I'd love to see some projects that do documentation very well for inspiration!
Edit: Bootstrap v4's documentation fixes most of the problems in v3's.
Always been a big fan of the Algolia documentation : algolia.com/doc/
Always been a big fan of the Stripe Docs:
Also the Laravel docs are pretty awesome, the search is really good too:
I'd second stripe in that their docs pretty pleasurable to look at, although I would say they can be a bit lacking when it comes to documenting references (lots of "see account update docs for full object", which at times isn't totally accurate).
Golang probably has the best documentation I've ever seen - it's not much to look at, but you can go from never writing a line of go to understanding it at a pretty deep level without ever leaving the site. There are both interactive docs and a a book on best practices directly on the site.
I was recently really impressed by the AirTable API docs, which take stripe's "docs on the left, code on the right" paradigm to a new level by contextualizing the docs to an existing project (step one is to select your project, step two is browse the docs with all your table names and stuff filled in). As such, "writing" code that interfaces with the API is primarily copy pasta, which is pretty productive. Not sure if it would scale to a more abstract API but this approach is fantastic for tables.
OpenBSD man pages. PostgreSQL documentation. Illumos source code.
+1 for PostgreSQL docs.
I'm a big fan of Parse's documentation. There is a good balance between narrative and working code examples. Additionally, the navigation is superb; you are never more than two clicks from any other section of the documentation for the entire platform.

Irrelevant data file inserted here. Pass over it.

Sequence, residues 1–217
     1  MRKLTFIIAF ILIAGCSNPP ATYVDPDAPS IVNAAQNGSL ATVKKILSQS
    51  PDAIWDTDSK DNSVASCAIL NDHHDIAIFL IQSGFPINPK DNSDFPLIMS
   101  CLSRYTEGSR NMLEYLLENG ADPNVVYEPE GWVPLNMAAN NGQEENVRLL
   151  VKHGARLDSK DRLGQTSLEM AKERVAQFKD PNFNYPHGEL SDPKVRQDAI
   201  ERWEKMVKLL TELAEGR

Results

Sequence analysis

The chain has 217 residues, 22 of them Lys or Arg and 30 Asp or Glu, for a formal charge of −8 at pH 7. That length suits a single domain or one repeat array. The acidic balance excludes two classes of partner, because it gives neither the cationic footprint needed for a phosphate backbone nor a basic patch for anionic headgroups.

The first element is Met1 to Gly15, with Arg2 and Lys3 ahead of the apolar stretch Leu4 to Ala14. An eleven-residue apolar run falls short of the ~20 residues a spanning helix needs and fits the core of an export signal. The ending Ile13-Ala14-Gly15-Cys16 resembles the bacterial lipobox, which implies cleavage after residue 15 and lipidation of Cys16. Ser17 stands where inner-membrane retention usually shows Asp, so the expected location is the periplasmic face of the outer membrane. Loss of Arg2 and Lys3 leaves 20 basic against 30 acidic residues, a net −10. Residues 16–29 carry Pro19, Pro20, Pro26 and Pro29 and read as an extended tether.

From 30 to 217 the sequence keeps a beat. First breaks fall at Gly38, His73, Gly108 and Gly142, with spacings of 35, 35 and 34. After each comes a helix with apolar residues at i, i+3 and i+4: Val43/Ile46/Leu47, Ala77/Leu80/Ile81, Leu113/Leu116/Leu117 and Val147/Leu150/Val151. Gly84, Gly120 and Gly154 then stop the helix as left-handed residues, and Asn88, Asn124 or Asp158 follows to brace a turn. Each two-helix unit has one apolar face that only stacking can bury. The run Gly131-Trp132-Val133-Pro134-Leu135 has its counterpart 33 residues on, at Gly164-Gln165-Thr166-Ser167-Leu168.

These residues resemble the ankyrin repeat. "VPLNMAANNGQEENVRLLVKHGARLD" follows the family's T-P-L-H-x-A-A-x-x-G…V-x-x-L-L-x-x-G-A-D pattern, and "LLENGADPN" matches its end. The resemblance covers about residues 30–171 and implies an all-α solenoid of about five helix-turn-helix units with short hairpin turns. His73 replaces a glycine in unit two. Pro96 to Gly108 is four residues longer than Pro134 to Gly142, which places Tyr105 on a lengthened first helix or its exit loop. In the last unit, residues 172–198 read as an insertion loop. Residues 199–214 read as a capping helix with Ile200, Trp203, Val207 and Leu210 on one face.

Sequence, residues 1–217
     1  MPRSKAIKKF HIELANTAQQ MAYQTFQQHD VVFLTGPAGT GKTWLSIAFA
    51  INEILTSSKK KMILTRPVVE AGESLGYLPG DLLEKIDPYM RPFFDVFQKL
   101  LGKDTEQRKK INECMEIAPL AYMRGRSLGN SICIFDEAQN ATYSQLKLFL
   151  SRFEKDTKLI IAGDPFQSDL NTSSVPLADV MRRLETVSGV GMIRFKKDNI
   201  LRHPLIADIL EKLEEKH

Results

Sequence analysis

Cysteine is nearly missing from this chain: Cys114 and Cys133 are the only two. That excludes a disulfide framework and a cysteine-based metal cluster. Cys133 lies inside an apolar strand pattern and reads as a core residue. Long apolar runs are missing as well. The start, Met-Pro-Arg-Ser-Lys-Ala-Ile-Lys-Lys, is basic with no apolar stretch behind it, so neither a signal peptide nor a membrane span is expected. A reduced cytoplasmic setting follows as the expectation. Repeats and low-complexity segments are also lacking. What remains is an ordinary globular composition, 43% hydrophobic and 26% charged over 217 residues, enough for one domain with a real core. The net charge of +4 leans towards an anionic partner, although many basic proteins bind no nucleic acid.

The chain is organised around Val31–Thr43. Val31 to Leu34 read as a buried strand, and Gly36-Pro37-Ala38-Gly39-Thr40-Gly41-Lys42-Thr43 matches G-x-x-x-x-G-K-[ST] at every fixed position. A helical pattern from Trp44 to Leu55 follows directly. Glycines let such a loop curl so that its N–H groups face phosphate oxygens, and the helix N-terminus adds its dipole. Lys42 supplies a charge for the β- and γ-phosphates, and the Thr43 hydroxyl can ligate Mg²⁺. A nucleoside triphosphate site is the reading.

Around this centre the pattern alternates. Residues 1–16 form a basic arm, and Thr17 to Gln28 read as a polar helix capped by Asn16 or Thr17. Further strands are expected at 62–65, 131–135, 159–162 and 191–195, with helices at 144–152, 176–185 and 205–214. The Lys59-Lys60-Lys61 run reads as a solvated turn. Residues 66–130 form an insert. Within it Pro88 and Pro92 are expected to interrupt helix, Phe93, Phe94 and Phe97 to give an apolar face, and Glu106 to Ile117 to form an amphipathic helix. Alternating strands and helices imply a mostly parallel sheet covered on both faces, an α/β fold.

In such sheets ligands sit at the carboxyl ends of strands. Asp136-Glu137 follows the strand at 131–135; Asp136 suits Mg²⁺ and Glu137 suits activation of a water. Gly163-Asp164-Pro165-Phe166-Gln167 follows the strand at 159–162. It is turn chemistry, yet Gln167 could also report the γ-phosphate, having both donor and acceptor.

A huge range, available online or as PDF, Mobi or ePub downloads, with a range of detail (Concept / Guide / Reference), consistently formatted.
The SQL Reference for 12.2 is over 2,000 pages.
With Oracle, it's pretty rare that you can't legitimately tell someone to go RTFM.
I am - not without some bias, I suppose - a huge fan of PHP's Documentation. It has all the good points:
And it's even downloadable in HTML and CHM formats. Honestly, I don't know what else you could ask for in language docs.
Not an example for a good codebase but given most people who read this work on their own doc pages:
The #1 rule for documentation is that it has to be autogenerated and/or automatically tested.
As soon as it has to be manually updated and/or it's external from your codebase people won't do it.
Eg. your api docs should be generated with your automatic tests. At @producthunt we use eg github.com/zipmark/rspec_api_docum... for this.
So many comments and nobody mentioned Qt?
Qt docs are rather detailed and very helpful.
Negative examples: MSDN (with the "DWORD dwFlags -- a dword containing flags" style of descriptions) and Boost - where each library has it's own unique style of documentation and usually lacks badly on EXPLAINING the usage of the library in the right way.
Maybe the best examples I've seen are Go and Elixir.
In Elixir, you cam write the main documentation for a module, for each public function and... write examples that can be run as real tests! They are, indeed, called "doctest" elixir-lang.org/getting-started/mi...